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From his first book Predictably Irrational to his latest one Irrationally Yours (a collection drawn from his Wall Street Journal advice column), Duke professor Dan Ariely has regularly translated academic behavioral economics research to the mainstream. A Kickstarter campaign for a documentary drawing on his work, (Dis)Honesty: The Truth About Lies, raised $137,000, and another to fund an irrationality card game raised $283,000. Most recently, Duke and MetLife announced the CommonCents Lab, where he’ll play a lead role exploring new ways to help Americans to improve their money habits.
Kickstarter seems like an amazing context for considering behavior and money. Did you learn anything from using it?
The two campaigns were very different. Producing a documentary is very, very expensive, and we didn’t think the Kickstarter campaign would have a chance to cover all of it. What we wanted was to kind of gauge general interest — get participation, and get people interested in the movie, to talk about it.
What’s so interesting to me is that the same people who would probably download movies illegally are willing to contribute to them.
Why is that? I think it’s because when it hasn’t been created yet, you understand your contribution. Even if the campaign has reached the goal, you’re saying to yourself, “I’m helping them make a better movie.” But if it’s been created — even if the movie makers took out a loan to do it – now you say: “They’ve made it already, my contribution isn’t changing anything. Nobody is suffering if I take it.”
How was the card campaign different?
We felt, look, we want these cards, even for ourselves. The fixed cost of doing it isn’t too bad. But we don’t really know how to do this. So can we involve people in the design process?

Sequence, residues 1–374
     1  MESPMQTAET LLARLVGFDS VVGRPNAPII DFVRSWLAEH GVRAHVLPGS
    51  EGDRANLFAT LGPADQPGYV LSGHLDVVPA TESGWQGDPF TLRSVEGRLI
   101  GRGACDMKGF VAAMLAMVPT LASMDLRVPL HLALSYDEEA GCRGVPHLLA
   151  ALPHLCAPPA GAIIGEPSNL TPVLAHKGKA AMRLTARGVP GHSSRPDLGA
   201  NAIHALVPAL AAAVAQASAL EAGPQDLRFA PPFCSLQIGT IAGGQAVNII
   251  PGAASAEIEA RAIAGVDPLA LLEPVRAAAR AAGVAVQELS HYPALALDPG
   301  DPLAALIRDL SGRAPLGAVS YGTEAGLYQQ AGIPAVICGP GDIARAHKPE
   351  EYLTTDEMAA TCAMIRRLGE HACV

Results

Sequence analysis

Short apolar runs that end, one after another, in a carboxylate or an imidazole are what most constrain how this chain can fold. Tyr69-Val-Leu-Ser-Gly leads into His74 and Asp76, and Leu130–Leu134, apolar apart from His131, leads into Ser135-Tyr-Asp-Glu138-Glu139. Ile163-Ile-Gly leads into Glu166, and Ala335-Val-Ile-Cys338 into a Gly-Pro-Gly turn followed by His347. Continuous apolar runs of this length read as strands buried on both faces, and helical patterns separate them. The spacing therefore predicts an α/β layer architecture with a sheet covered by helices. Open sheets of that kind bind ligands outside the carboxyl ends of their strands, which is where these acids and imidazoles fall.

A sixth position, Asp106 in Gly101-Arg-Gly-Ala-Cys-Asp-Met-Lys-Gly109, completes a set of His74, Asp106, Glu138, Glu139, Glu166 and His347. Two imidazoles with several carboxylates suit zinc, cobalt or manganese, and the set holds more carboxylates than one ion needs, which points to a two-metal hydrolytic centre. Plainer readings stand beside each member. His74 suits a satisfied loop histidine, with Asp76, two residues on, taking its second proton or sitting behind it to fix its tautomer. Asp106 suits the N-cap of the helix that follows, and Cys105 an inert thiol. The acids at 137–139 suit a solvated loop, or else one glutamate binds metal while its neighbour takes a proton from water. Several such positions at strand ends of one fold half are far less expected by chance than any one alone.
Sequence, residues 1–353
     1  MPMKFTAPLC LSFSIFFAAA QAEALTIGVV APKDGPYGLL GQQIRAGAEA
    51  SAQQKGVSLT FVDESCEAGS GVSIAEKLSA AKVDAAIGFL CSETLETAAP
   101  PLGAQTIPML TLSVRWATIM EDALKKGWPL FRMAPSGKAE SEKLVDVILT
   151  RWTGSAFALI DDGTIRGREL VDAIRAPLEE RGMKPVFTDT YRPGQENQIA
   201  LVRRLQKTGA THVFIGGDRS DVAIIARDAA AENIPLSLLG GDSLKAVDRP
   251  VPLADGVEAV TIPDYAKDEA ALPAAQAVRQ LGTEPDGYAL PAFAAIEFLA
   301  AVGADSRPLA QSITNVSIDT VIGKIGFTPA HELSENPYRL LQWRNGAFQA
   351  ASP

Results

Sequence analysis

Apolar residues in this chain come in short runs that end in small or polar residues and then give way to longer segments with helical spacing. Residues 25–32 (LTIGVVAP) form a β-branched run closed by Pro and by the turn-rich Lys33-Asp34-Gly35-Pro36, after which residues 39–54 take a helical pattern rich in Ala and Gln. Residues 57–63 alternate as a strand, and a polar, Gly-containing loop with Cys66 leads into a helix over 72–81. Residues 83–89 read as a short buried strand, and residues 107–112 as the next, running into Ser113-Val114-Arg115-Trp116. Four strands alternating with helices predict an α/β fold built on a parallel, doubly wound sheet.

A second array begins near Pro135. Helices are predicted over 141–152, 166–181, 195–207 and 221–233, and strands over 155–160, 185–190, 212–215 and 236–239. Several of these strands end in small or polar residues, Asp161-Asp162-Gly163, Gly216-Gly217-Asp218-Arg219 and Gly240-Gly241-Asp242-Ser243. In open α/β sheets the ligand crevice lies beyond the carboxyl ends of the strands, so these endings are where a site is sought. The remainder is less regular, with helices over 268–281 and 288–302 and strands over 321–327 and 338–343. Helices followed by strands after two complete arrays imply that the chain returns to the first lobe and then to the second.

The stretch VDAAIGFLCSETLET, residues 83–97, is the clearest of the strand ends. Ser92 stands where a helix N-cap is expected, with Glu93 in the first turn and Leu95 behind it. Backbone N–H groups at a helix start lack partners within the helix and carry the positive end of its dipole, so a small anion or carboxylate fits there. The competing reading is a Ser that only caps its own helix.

It was fantastic. We got a lot of backers who really love card games, and they asked us all kinds of questions. They said: Trivia games, once you know the answers, become less interesting. So now, even if you know the answer, we added another challenge: How do you do something good in the world once you know it? Other players vote on your answer. That’s a wonderful idea that one of the backers came up with.
Have you contributed to Kickstarter campaigns?
Oh yeah. A few before — and then a lot after we started. In fact, my secretary told me I need an intervention. The interesting thing is when they promise specific things, and they’re late by a year or so. (Chuckles.)
What’s your reaction to that?
I just remember the planning fallacy [roughly: a core behavioral economics finding that people tend to underestimate the time and difficulty involved in completing any task]. It’s so interesting to read the progress reports – it’s really clear they were shocked by all kinds of obstacles. I guess I’m in the same category with the cards: We have backers in Europe and South Asia, which creates challenges we didn’t anticipate.
That’s a very rational response. Do you have any lingering irrational money habits?
Of course. For example, I travel a lot. I was in Europe last week, and I know I’ll be back in a few months. So if I have Euros left, it’s not like I’ll never have anything to do with them. But I always end up buying things that I wouldn’t have bought in the duty free shop.
To “use up” your Euros?
Right, it feels like the money belongs to this other country. I also buy too many gadgets. I get enamored with the creativity of technology. I enjoy them for a little bit and then – often I say, “Oh, not such a great deal.” But I don’t seem to be learning.
In our research on online dating, we found people would build up this great anticipation for the person they’re meeting – because in their mind, the person is so wonderful. And they’re disappointed, time after time after time.
Maybe like those Kickstarter backers who get upset when a project takes longer than expect?
People don’t always seem to learn from disappointment. And sometimes, I’m doing the same thing.